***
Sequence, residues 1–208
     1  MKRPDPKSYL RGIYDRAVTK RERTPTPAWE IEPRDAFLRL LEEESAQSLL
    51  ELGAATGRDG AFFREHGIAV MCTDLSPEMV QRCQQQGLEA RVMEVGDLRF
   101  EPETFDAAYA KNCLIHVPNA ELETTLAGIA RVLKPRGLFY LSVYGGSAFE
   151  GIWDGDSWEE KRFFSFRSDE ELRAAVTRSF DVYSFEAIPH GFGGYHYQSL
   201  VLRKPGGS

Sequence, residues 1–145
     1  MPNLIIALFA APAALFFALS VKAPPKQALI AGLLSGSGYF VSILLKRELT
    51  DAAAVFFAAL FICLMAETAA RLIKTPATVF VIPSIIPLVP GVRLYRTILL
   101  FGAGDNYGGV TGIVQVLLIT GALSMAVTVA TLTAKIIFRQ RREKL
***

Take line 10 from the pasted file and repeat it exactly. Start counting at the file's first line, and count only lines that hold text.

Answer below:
   101  FGAGDNYGGV TGIVQVLLIT GALSMAVTVA TLTAKIIFRQ RREKL